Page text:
The emerging beef cow efficiency issue will be the next great battle ground in the beef industry. Academia is already at work on the issue. The difference between beef cow efficiency and carcass quality is that maternal traits are much more complex than carcass traits. This means that academia will be even more reliant upon technology and data to identify and “fix” the problem(s). Once the problem and the fix are identified, you can get prepared for the massive extension education programs that will follow. The good news is that Beefmasters are ideally suited for the efficiency issue. We have the opportunity to be on the “right” side of this issue.

At the Plains Nutrition Council spring conference, the USDA Meat Animal Research Center presented across breed comparisons for efficiency by using post-weaning gain and average daily gain during feed intake data collection. In this 18 breed evaluation, for both steer and heifer ADG/DMI, Beefmasters ranked second. While complex, the data suggests that Beefmasters gain more weight and use less feed to accomplish the gain. This type of information is not new and is seen in Growsafe Systems LLC trials across the country.

Why am I talking about feed conversion in a discussion about beef cow efficiency? The University of Illinois has Growsafe Systems data that suggests the same rankings for cattle developed on forage then moved to concentrate diets, and vice versa. If that is the case, the same cattle that are efficient converters on grain are also efficient convertors of forage. This means that Beefmasters can leverage feed efficiency into the cow maintenance and annual cow cost arguments. This is truly good news for Beefmasters.

Beefmaster may also finally have some good things to talk about in terms of carcass value. Since the vast majority of fat cattle are sold on pricing grids to packers, hitting the value drivers for those grids is important. The first value driver of any grid is hot carcass weight, which is a direct correlation to the dressing percentage. Over the years, as the percentage of Angus cattle has increased in the daily kill, the plant average dressing percentage has decreased. This is in part due to body deposition because Angus cattle are growing very large internal organs, which are considered offal and are a detriment to dressing percentage. Packers are openly talking about dressing percentage issues now and Beefmasters excel in this grid driving trait.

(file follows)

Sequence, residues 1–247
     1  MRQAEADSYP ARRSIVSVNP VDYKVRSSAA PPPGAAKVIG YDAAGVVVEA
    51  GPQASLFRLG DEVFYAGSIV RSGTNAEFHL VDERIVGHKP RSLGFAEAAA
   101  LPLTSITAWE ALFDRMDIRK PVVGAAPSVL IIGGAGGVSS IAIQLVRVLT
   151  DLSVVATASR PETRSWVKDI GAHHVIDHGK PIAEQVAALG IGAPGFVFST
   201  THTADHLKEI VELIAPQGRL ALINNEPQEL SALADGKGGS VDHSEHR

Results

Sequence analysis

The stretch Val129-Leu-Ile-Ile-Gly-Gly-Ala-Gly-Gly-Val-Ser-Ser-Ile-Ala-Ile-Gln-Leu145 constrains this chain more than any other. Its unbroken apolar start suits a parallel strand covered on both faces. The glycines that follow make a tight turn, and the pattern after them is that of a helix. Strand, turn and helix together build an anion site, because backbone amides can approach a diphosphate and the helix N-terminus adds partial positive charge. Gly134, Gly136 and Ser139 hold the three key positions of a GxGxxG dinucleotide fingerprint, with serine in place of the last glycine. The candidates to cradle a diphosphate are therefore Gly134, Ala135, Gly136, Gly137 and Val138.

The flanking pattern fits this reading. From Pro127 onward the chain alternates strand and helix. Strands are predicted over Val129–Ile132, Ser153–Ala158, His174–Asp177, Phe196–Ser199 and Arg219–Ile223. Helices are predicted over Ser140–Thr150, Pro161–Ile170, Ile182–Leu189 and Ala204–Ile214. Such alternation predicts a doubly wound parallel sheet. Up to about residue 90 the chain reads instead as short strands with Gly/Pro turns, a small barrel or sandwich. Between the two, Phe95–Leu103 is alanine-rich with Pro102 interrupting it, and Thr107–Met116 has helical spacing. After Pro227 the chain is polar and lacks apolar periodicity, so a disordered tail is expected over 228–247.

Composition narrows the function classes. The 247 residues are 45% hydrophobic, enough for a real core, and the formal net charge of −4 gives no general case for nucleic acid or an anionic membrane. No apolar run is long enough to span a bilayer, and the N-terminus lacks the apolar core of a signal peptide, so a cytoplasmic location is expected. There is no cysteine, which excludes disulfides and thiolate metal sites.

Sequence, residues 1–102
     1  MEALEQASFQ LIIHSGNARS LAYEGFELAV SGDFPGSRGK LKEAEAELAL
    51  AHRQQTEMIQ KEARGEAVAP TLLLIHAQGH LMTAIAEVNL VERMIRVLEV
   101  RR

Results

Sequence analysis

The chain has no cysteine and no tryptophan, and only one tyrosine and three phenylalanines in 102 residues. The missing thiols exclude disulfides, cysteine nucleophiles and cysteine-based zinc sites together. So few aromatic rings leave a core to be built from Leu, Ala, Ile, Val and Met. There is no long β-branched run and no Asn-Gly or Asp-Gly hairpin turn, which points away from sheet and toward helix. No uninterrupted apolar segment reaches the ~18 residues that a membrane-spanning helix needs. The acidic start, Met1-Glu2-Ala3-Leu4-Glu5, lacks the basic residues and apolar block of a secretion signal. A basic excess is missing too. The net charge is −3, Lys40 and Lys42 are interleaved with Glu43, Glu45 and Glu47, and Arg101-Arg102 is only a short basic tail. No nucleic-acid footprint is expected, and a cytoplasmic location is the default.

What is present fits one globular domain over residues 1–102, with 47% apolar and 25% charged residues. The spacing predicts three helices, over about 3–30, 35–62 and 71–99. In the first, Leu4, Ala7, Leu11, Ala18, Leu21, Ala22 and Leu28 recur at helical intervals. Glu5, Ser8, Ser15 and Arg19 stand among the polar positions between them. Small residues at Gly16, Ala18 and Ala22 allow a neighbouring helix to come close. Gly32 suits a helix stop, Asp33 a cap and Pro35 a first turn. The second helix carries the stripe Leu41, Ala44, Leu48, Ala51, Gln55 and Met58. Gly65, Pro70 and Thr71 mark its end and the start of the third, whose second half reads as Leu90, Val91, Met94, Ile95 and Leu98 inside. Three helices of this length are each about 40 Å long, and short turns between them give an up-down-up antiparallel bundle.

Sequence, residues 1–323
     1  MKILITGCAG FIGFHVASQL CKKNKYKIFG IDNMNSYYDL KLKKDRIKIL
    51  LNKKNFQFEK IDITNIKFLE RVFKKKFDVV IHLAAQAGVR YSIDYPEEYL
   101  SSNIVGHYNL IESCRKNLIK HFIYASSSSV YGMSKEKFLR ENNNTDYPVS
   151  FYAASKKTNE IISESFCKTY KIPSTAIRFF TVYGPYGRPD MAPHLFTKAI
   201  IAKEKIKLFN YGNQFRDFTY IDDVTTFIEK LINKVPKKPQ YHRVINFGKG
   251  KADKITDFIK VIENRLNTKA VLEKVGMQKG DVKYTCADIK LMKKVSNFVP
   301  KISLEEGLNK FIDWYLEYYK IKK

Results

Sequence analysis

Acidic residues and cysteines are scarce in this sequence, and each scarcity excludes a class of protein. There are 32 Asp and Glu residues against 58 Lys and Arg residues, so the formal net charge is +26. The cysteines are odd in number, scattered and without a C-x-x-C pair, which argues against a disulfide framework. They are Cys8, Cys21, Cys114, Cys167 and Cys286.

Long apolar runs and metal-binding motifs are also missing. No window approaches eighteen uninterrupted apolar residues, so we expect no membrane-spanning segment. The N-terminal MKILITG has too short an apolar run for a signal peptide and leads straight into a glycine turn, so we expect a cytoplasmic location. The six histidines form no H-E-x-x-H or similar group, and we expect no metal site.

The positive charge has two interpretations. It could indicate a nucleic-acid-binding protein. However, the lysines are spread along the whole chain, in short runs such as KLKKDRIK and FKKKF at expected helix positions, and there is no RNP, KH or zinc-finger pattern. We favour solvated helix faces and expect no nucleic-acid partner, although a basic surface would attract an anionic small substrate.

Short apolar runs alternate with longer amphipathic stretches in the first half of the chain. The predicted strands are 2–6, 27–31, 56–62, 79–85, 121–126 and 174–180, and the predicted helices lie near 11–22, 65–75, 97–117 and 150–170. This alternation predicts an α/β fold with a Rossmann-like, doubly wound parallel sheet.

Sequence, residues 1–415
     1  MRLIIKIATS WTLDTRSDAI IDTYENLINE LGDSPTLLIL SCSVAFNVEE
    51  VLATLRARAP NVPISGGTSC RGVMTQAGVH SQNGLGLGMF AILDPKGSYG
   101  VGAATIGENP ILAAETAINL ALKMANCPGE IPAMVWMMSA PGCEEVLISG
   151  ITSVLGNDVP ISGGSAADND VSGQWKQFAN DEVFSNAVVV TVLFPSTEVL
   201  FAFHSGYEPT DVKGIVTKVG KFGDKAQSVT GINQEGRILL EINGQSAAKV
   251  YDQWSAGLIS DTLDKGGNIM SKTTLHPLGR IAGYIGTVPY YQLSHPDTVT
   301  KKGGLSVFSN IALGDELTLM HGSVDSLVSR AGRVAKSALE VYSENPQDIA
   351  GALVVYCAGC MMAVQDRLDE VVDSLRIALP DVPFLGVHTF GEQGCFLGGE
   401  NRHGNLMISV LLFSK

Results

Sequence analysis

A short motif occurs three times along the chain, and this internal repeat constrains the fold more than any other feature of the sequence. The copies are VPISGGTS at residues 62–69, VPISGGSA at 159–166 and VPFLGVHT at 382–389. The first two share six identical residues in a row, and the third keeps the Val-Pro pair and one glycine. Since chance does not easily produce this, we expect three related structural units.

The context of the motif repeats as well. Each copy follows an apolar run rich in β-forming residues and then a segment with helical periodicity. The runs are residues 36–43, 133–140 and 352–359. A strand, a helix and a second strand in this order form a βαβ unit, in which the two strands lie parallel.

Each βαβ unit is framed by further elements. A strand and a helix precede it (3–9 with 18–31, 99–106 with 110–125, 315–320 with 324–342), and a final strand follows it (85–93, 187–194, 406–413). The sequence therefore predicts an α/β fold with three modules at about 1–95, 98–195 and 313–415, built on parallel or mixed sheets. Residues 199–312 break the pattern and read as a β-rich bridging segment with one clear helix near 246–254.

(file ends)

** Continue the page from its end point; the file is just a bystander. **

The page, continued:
In a recent Certified Angus Beef article, a staff writer went into detail using current carcass pricing statistics, showing the value of dressing percentage. For every 1% increase in dressing percentage on an 850 pound carcass, you would expect to gain an additional $28 per head (using current grid values). With a 62.5% plant average for dressing percentage and BBU data suggests that Beefmaster sired steers average 65.5% (BBU Director James Skelton is averaging 65.5% on his Beefmaster sired steers fed at Irsik and Doll Feedyard) it is easy to assume that good, higher yielding Beefmaster steers will earn an extra $84 per head, just off of dressing percentage. That earns back more money than the vaunted Choice/Select spread. If the cattle grade Choice and Yield Grade 3 or better, they are worth a lot to the packer. This doesn’t even factor in feedyard performance and feed conversions.

Beefmaster breeders, you have a lot to be excited about. The more research that is conducted on efficiency, the better Beefmasters look. We encourage you to invest in your future and embrace the technologies that are making our product look really good. The interconnected web of performance data, genomics, ultrasound scans, genetic evaluations, Growsafe systems, heterosis and whatever comes next is a friend of Beefmasters. These technologies are proving what you as breeders have known for some time, Beefmasters are truly efficient at all stages. It’s time to secure our future.